setting up snmp community string

Answered Question
Jan 9th, 2008

We have a 3rd party vendor doing a discovery process on our network

They obv. need snmp to get info about certain switches and routers.

However we have no standard..

I noticed in one router the follownig config

snmp-server engineID local xxxxxxxxxx

snmp-server community xxxx RO 11

snmp-server community xxxxx RO 4

snmp-server community xxxxx RO 25

snmp-server community string RO

snmp-server enable traps snmp

1st question

what is this stament doing?

snmp-server community string RO

I see no community string phrase configured

also..i notice some have access list associated with them..

if i configured a new string..would they be prevented from discovery?

I have this problem too.
0 votes
Correct Answer by Joe Clarke about 8 years 11 months ago

Yes, but the more strings you have, the more potential you have to be compromised. If you do create a new string, consider adding an ACL to it to limit the hosts that can use it to the one(s) running this 3rd party tool.

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Joe Clarke Wed, 01/09/2008 - 12:01

This line declares an SNMP community string called "string" for both SNMPv1 and SNMPv2c communication. This string is allowed read-only access to the entire MIB tree from any host.

You can configure as many strings as you'd like. Those with access-lists attached are limited to being used by the hosts that match the ACLs. Those without ACLs can be used from any host.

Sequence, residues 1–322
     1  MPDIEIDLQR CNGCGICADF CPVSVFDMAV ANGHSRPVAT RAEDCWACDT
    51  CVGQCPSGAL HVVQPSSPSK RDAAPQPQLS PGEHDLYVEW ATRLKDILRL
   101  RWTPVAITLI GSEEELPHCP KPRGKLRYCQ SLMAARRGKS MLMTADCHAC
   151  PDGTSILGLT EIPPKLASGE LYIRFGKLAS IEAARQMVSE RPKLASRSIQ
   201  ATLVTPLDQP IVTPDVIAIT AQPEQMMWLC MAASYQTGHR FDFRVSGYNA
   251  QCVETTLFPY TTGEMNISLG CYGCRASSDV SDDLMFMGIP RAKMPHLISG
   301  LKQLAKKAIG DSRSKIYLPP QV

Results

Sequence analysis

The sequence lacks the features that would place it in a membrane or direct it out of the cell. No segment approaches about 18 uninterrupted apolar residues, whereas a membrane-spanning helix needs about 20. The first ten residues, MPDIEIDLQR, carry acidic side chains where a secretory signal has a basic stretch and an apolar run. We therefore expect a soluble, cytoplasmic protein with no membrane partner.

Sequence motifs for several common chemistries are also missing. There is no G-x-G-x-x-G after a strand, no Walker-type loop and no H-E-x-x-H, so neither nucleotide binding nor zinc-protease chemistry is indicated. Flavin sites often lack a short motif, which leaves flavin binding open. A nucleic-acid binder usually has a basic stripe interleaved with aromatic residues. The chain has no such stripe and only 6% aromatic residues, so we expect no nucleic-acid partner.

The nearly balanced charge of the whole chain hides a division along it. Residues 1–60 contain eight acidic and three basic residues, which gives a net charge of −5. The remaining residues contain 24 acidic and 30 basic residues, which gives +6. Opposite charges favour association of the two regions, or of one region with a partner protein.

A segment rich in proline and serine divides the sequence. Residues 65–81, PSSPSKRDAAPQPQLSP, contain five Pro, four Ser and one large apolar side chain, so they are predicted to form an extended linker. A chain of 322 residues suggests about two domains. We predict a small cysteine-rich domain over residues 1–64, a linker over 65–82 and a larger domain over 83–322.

It's a good idea to remove community strings you do not need, and to restrict those you do need to only certain hosts which are known NMSes.

brooklynheight Wed, 01/09/2008 - 12:14

I dont know how i missed "string"..I guess my eyes played tricks on me.

so for the sake of my task..I could

configure a new community string for them

to use..and have no issues with access list

that have been configured on other strings?

Correct Answer
Joe Clarke Wed, 01/09/2008 - 12:17

Yes, but the more strings you have, the more potential you have to be compromised. If you do create a new string, consider adding an ACL to it to limit the hosts that can use it to the one(s) running this 3rd party tool.

PAUL TRIVINO Thu, 01/10/2008 - 16:26

For that matter, consider using an snmp view to limit what they can see/do. Our WAN provider needed a community string with RW to use their tool, we said OK but we limited them to their stated source IP address (with an ACL) and certain parts of the MIB (with a view).

Check here as a start: http://www.cisco.com/en/US/customer/docs/ios/11_3/configfun/configuration/guide/fcmonitr.html#wp10426

HTH

Paul

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